Researchers Worked to Restore Cellular Activity of Dead Pigs Brain

Researchers Worked to Restore Cellular Activity of Dead Pigs Brain


In an advance study, researchers have succeeded to restore some brain functions in pigs. As per a team of Yale scientists, the pigs were butchered before four hours when they revived the cells. In future, the finding may result in approaches in treating human stroke and brain injuries. The team found that science can stop cell death and restore the connections in the brain, even after death. For the new research, published in the journal Nature, scientists collected 32 brains from the dead animals. After four hours, they linked those brains to a system engineered by Yale. The machine regularly pumped a specially designed fluid (containing artificial blood), for six hours.

As a result, scientists saw a reduction in the death of brain cells along with the recovery of particular brain activities. The team revealed that those brains also normally responded to drugs and utilised a similar amount of oxygen as that of an alive one. Although, the semi-dead brains did not reveal any signs of neural activities that would point awareness or sensitivity. They remained dead for all objectives and perceptions. Senior scientist Dr Nenad Sestan said the brains were only cellularly active and revealed no large-scale electrical activity.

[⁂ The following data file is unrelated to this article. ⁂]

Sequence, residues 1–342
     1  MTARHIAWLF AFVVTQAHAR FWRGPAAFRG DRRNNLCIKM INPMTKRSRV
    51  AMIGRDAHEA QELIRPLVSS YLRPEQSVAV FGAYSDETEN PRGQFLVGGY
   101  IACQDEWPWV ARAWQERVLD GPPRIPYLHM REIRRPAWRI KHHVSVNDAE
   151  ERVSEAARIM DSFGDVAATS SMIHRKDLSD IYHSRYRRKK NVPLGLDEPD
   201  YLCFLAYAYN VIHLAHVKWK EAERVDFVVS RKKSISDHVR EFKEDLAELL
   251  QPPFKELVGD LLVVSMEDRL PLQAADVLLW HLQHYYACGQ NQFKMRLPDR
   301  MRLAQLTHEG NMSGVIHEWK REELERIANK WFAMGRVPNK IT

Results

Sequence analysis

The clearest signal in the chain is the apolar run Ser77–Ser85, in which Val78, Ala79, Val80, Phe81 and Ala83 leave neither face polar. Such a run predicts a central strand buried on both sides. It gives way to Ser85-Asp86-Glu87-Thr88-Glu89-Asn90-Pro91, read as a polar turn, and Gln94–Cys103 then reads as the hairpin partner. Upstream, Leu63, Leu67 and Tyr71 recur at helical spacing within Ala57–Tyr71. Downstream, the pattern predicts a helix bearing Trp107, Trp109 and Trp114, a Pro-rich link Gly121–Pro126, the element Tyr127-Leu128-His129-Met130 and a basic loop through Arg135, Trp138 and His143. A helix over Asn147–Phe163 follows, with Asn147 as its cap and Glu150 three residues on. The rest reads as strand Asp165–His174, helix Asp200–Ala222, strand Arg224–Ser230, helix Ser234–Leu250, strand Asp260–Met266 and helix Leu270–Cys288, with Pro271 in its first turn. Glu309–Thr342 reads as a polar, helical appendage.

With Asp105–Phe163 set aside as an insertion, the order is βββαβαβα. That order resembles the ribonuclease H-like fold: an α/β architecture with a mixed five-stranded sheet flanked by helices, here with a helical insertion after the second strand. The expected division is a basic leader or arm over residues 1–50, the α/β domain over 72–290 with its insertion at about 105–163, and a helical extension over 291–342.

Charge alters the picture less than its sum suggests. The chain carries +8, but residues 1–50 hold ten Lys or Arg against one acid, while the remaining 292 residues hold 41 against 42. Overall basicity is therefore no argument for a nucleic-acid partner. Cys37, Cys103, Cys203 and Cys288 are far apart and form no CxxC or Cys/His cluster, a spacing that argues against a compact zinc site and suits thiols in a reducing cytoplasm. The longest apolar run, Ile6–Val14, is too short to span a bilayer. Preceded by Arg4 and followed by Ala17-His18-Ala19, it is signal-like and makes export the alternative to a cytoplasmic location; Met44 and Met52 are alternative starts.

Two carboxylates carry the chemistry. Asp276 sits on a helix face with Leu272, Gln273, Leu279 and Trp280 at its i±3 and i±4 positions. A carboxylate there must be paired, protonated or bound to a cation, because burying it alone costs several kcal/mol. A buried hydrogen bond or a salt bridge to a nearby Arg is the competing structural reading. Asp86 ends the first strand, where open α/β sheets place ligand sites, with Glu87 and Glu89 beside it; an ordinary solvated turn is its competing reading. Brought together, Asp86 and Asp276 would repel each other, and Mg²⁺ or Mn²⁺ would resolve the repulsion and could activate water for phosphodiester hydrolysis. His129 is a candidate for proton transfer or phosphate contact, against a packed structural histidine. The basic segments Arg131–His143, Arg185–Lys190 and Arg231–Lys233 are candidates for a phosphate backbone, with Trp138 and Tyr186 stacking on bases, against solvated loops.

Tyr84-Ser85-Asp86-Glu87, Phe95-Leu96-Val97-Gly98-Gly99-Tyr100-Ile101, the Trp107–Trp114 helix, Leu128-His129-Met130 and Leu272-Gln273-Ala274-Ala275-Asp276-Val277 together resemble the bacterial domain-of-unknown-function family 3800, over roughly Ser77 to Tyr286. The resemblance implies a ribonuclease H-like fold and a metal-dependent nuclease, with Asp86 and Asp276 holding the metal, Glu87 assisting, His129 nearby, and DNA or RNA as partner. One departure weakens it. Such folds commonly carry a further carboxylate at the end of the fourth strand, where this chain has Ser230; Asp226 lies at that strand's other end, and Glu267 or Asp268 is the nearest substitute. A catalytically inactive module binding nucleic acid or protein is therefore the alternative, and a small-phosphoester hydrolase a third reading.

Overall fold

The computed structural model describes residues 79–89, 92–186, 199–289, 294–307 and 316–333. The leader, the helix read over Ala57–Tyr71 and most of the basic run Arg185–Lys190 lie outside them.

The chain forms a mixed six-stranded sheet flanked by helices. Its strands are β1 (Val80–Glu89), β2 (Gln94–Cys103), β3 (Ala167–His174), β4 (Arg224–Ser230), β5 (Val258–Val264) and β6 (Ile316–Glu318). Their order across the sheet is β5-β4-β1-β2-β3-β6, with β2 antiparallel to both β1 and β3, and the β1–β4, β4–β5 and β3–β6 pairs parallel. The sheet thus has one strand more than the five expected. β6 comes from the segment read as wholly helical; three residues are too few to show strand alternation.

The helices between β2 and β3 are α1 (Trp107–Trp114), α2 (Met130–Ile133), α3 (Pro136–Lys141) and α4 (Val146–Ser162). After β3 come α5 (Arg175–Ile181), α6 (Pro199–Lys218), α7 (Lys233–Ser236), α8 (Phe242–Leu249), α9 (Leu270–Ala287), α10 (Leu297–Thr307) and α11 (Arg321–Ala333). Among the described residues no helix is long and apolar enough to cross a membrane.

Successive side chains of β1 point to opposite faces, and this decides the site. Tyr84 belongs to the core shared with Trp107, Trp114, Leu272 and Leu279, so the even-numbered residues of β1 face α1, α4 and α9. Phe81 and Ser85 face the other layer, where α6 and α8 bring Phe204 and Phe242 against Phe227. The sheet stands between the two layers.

Dr Sestan spotted the discovery have a severe impact on stroke therapies and other diseases that result in the death of brain cells. Stephen Latham, study’s co-author, said this process could prove helpful to reserve organs gathered for donations. On the other hand, the finding has emerged some ethical problems. The team purchased the pig heads from a nearby food processing plant. Thus no pigs were killed for the purpose of the experiment. They also took additional efforts to gain permission from various ethics boards. Scientists also received approval from the Institutional Animal Care and Use Committee at Yale University and the Neuroethics Working Group of the U.S. National Institutes of Health (NIH). According to the authors, the study does not offer any immediate innovation for humans. While the core abstract of the finding is the brain might have more potential than previously thought.

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